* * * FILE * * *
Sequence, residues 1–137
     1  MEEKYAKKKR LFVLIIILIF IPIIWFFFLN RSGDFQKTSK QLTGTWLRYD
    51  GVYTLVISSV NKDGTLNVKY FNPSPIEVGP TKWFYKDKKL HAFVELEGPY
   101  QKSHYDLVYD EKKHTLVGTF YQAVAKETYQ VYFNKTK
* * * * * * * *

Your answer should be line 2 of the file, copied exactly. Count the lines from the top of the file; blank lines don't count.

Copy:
     1  MEEKYAKKKR LFVLIIILIF IPIIWFFFLN RSGDFQKTSK QLTGTWLRYD